But when it comes to deciding how many pages you should create to start with? That's up to you.

 

My :02:

 

--Torka :propeller:



#9 Jill

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Posted 31 May 2013 - 12:12 PM

 

But if I have 100 000 links I need to organize them in categories. 

 

 

 

Bingo! That's exactly what you need to do. Once you do that, you'll know how many categories you have and whether or not you also  need subcategories. With 100,000 product pages, it's likely you'll have quite a few categories and subcategories to deal with.

Don't take this task lightly. Seriously spend a lot of time to determine what would be top-level categories and what should be sub-categories and create them accordingly. 

Be sure to add the top level categories to your global navigation. And within each subcategory, be sure to have a sub-menu which links to all the other subcategories within that main category.



#10 ArthurS

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Posted 31 May 2013 - 04:59 PM

 

Bingo! That's exactly what you need to do. Once you do that, you'll know how many categories you have and whether or not you also  need subcategories. With 100,000 product pages, it's likely you'll have quite a few categories and subcategories to deal with.

Don't take this task lightly. Seriously spend a lot of time to determine what would be top-level categories and what should be sub-categories and create them accordingly. 

Be sure to add the top level categories to your global navigation. And within each subcategory, be sure to have a sub-menu which links to all the other subcategories within that main category.

 

Hi Jill! First off, thanks for the great informational resource and secondly thanks for your input!

 

As a matter of fact, I think what I'm doing now by narrowing down the world to a specific city can be considered categorizing in a way. The thing is, since I have to do this twice before getting to the final result (first for point of dispatch and second for destination point) I'm afraid the linking becomes a bit too deep for search engines to try to crawl. I had the site up for about a month and had close to 90 000 pages indexed, but none of the indexed pages seemed to have reached the final level - all I had indexed were lists of countries and cities, which isn't particularly interesting. What I did then was adding direct links to routes between world's largest cities to the top regional level. This did help to get these route pages indexed, but they do not appear to be ranking as well, although competition seems fairly low. So I am suspecting google may be assigning them very little weight because there is simply too many of such links (I took largest 15 largest cities of the region and routed them to 15 largest cities of the world's regions resulting about 225 route links on the page). Sounds like too many links per page, doesn't it?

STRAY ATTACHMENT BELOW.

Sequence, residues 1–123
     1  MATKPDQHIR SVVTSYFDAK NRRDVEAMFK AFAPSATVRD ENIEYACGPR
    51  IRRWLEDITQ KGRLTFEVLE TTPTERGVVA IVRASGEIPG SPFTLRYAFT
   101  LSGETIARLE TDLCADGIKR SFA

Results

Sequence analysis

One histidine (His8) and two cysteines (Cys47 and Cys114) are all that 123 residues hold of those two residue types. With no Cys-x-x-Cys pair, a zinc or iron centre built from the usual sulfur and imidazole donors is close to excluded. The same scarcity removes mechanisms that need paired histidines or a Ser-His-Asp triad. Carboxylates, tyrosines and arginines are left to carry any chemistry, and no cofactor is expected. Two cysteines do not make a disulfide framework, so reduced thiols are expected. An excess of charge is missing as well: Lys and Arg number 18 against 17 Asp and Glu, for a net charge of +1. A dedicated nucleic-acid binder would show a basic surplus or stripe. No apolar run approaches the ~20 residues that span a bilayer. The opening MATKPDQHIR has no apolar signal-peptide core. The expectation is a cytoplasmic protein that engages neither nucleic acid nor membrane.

#11 ArthurS

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Posted 31 May 2013 - 05:39 PM

Torka, thank you, really appreciate your feedback and opinion!

 

I am being completely straight forward about this - the browsing functionality is 99-100% for the search engines, to make as many doorway pages to the site as practically possible. For a human user the search functionality is, without a doubt, a lot more convenient and that's what I expect them to use when they get to the site. At the same token, what browsing results yield in the end is exactly the same what searching yields, so my concious is clear here - I'm not tryingn to fool anyone, I am only trying to make search engines aware of the same what a human user is able to see.

 

Very good point on thinking about time and other resource constraints when determining the number of pages to index. The thing is, results are calculated, I don't have to create and optimize each result page individually. Instead I have a routing algorithm and a result outpu template, which lays out the route in the way which makes it at least search engine friendly and accentuates what is deemed to be the key information. When routing algorithm is updated (which happens regularly) or when I update the layout template all results are affected automatically, so I don't have to adjust each page individually. In this way, how many static links I want to create is really a matter of strategy rather than time resources.